Ta Ta, Trahar
Shareholders reflect on Anglo chief’s seven-year stint
ANGLO AMERICAN’S 373 US cents full-year share earnings announcement, and $3bn share buy-back programme, pretty much represents CEO Tony Trahar’s last major public appearance for the company. What now lies ahead is some splendid retirement, although it remains to be seen how long Trahar will sit in the shade sucking a pina colada through two straws.
Cynthia Carroll, who’s Trahar’s diminutive successor (Anglo will have to buy a step so we can see her properly, over the podium, next time), looked shattered, having covered every acre of grass Anglo owns, visiting mines from Chile to the underground reaches of Anglo Platinum’s Amandelbult mine.
Making a brief introduction at Anglo’s results presentation, Carroll had, she croaked, nearly lost her voice, which is a good sign as it probably means there was a lot of speaking during her world tour of Anglo’s assets; a lot of questions, maybe uncomfortable ones.
So what do SA shareholders make of Trahar’s seven-year stint in the role as CEO? There’s remarkable agreement that he presides over a better company today, than the one he inherited from Julian Ogilvie Thompson in 2000. It’s more streamlined and has an established presence in London. At a priceearnings ratio of 20, the company is highly rated against its peers.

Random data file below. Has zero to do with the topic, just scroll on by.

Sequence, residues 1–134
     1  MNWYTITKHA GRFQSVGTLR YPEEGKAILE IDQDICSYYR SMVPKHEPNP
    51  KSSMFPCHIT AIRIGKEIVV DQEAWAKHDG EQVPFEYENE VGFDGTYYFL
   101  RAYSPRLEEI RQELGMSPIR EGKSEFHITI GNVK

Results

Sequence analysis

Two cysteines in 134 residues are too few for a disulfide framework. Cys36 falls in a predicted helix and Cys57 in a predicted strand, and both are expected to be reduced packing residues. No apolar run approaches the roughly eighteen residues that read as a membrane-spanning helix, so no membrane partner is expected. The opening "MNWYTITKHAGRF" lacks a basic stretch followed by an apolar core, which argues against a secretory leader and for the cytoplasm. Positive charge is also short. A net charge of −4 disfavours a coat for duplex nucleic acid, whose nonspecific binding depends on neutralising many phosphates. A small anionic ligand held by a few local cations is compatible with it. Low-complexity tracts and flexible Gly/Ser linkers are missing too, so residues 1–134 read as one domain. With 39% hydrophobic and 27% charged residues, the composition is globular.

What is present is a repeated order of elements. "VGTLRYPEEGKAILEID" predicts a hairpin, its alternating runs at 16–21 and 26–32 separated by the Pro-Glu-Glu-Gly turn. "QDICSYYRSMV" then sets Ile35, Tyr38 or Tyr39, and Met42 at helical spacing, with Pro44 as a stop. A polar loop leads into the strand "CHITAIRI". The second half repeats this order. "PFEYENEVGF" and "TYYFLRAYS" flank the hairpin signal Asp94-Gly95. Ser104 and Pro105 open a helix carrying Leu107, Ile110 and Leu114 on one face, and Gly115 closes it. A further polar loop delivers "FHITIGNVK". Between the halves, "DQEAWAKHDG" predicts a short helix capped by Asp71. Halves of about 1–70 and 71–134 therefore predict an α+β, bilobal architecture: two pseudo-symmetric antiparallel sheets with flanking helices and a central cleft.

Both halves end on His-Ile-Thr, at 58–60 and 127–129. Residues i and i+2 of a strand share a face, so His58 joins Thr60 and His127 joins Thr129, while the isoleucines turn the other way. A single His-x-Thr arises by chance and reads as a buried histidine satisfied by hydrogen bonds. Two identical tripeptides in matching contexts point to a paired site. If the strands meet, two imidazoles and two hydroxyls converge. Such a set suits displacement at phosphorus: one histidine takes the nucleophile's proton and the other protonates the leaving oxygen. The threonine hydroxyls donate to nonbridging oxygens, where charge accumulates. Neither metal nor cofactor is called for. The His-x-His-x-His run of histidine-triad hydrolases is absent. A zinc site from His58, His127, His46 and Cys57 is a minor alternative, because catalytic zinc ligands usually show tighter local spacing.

Says Wayne McCurrie of Advantage Asset Management: “Shareholders have done extremely well out of Anglo. It’s a way better company.” Getting rid of Namakwa Sands and Mondi is also a good move, says McCurrie.
But, there’s a sense that Trahar’s conservatism was allowed to dominate. He called, for instance, the commodity markets wrong in 2003 when BHP Billiton was doing flikflaks over the Chinese prospects, and India. He pulled out of Zambia’s copperbelt when he shouldn’t have.
Patrice Rassou, an analyst for Sanlam Investment Managers, says new management would probably benefit from the restructur- ing and the difficult decisions Trahar took. For Carroll, then, the expectation is that Anglo is run as a tighter ship. Trahar, too, improved on cost containment, but his head was also turned by strategic imperatives.
Leaving Carroll a tighter ship.